Today, we celebrate the object that started it all
Here at PoP, we get really excited when we hear about people who never let go of their biggest, boldest dreams, follow them fearlessly and live them out each day—particularly when those dreams involve pencils.
So, that’s why when I heard about Caroline Weaver—a lifelong pencil lover and collector turned pencil shop owner—I knew I needed to meet her.
We met on a chilly March morning at her picture-perfect specialty pencil shop, CW Pencil Enterprise, on the Lower East Side of Manhattan in New York City. Caroline’s shop opened three years ago, but she’s been a pencil lover much longer than that.
Caroline grew up in a creative family, and she began collecting pencils as a young kid. As the story goes, it all started when her mother gave her a set of Caran d’Ache (a Swiss brand) colored pencils when she was six years old. “For years that was my most important object,” she says.
And though she cherishes her pencils, Caroline is quick to let me know that she’s never been a fan of collecting for the sake of collection.
“It really makes me sad to think that some people buy these and just put them in a drawer. The whole purpose of a pencil is that it’s supposed to be used. If you’re buying the same pencil that was used by John Steinbeck” she says, “don’t you want to know what it feels like?”
And she’s never been afraid to use even her most valued pencils, because it’s in the use of the pencil that the magic happens.
“In college,” she shares, “every week I would start with a brand new pencil. I would sharpen it on Monday, and on Sunday I would retire it. I’d put it in a small plastic bag, label the date, and pin it to my studio wall.” That way, each pencil would forever be remembered by the time it lived and the things it did. Now, she says, “I try to commit to one, use the whole thing up, and then move onto another.”
At this point in our conversation, I begin to realize that Caroline sees pencils in a way that most don’t. To her, a pencil is a living object, each with its own unique quality, feel and ideas it’s meant to express during its lifetime. Just as you can guess someone’s age by their appearance, Caroline notes that you can see how much a pencil has written, and therefore how much it has lived, by its size.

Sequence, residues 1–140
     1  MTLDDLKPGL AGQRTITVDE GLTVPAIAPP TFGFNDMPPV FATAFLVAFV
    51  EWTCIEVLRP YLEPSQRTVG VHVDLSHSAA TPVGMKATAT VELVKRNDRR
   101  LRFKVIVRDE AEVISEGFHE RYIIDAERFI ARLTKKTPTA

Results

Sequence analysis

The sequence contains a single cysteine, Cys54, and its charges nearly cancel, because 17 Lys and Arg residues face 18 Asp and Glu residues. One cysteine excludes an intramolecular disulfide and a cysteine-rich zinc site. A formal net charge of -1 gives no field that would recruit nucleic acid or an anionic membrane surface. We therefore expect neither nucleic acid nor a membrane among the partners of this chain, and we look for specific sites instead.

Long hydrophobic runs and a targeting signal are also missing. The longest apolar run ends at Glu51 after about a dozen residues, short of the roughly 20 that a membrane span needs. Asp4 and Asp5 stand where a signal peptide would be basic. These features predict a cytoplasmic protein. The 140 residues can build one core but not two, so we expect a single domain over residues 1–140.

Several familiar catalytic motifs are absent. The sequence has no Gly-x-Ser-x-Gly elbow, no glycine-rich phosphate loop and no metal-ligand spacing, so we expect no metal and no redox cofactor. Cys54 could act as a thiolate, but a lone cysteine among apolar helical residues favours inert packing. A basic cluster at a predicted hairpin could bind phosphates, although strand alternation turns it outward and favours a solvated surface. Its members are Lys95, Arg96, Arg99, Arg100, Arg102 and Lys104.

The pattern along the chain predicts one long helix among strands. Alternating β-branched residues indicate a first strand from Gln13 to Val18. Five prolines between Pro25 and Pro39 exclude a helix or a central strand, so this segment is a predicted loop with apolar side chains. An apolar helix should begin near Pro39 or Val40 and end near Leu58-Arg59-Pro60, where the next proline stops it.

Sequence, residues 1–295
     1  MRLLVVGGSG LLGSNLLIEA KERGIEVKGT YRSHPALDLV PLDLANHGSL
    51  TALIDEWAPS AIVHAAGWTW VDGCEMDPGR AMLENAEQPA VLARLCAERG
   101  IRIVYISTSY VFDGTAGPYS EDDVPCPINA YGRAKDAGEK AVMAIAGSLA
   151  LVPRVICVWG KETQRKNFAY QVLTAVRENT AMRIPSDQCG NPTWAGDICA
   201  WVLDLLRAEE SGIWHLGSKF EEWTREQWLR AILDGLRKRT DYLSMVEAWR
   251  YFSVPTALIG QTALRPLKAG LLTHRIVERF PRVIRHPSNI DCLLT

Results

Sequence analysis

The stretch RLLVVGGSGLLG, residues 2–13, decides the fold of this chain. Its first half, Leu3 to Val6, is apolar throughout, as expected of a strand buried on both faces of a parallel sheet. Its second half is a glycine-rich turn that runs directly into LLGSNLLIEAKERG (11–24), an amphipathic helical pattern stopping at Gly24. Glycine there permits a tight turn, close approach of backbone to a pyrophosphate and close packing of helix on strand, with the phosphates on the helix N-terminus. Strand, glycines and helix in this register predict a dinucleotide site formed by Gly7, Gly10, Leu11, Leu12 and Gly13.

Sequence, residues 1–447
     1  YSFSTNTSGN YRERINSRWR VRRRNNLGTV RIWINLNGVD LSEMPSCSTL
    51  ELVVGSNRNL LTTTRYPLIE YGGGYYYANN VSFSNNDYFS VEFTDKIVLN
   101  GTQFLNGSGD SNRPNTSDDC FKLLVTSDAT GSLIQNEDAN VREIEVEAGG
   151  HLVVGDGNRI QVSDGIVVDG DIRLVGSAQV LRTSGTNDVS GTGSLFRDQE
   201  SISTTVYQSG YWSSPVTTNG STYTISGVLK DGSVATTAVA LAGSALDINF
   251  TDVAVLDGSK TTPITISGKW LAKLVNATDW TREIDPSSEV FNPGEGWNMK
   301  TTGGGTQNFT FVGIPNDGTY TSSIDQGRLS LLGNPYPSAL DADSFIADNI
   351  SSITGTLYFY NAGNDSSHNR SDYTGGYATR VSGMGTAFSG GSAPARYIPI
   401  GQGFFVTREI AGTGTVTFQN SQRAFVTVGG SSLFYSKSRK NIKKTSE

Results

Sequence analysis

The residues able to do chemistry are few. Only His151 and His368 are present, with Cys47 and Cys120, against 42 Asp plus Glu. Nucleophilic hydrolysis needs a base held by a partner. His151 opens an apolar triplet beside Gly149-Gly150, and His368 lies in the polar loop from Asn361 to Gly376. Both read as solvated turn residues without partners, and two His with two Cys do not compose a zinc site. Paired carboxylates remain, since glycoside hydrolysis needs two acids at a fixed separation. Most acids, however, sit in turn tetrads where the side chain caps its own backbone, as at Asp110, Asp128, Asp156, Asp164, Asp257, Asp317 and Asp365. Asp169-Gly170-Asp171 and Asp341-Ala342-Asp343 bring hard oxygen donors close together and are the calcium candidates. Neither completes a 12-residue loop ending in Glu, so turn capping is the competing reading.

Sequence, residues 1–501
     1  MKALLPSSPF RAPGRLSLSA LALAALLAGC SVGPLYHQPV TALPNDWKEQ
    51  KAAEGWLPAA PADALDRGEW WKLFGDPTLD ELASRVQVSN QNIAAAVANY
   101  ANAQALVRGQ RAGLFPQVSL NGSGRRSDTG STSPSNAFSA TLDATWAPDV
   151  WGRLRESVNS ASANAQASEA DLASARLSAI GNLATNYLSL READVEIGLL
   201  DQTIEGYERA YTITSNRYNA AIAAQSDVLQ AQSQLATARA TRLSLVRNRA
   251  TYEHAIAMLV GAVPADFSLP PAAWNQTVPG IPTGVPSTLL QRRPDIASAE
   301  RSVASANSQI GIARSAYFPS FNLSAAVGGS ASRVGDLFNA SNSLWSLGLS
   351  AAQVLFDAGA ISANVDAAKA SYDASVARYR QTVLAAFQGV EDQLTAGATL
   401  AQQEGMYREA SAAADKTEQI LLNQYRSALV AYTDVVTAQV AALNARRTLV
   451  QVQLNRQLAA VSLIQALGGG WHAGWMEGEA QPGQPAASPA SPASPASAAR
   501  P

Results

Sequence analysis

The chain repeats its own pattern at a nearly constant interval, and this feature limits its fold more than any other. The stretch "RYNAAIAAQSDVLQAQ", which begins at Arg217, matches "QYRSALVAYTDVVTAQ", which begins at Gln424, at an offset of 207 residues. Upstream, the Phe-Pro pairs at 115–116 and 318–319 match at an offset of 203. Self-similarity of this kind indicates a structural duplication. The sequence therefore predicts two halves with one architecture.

It wasn’t long after college that Caroline opened CW Pencil Enterprise. The more she learned about pencils, the more she grew to love with their individual histories, and she dreamt of “having a place where all the pencils could live together and I could just share those stories.”
And now, three years later, she’s sharing those stories each day at CW Pencil Enterprise. The shop has become a place where pencil aficionados (which yes, there are quite a few) can find the specific pencil they need, and first-timers can sit down at the shop’s test station to test as many pencils as is necessary to find the one that feels just right.
“It’s really exciting when you do find that one that’s perfect.” Caroline says, which inevitably reminds me of how “the wand chooses the wizard” in Harry Potter.
“Something as simple as having the right pencil can truly make a difference for a lot of people.” Caroline knows this might sound a little crazy to some, but in her experience, it couldn’t be more true.
“We get a lot of customers who come in looking for something very, very specific,” she tells me, like a great pencil to sign their artwork with, to take the Bar exam with or to fill out the New York Times crossword with. She even tells me a story of a woman who used the same pencil for every important written thing in her life—exams, her marriage certificate and all important documents (yes, she signs things in pencil).
As for Caroline’s instrument of choice, she says, “I like them to be a little softer and a little darker, but I think it’s important that they still have that pencil sound.” The sensory experience of using a pencil—that scratching sound, the smell of cedar, the feeling in the hand—is what gives each pencil its identity, and is what Caroline loves about them most.
At PoP, we often use a pencil to symbolize education—and to symbolize the endless possibilities that education can bring. And after speaking with Caroline, I’m more of a believer than ever that such a simple, often overlooked object, has much more inside of it than we realize.
“A pencil can really be a gateway to so many things,” she says. It allows us to not only let our ideas loose into the world, but to do so fearlessly, since, anything written in pencil can always be erased.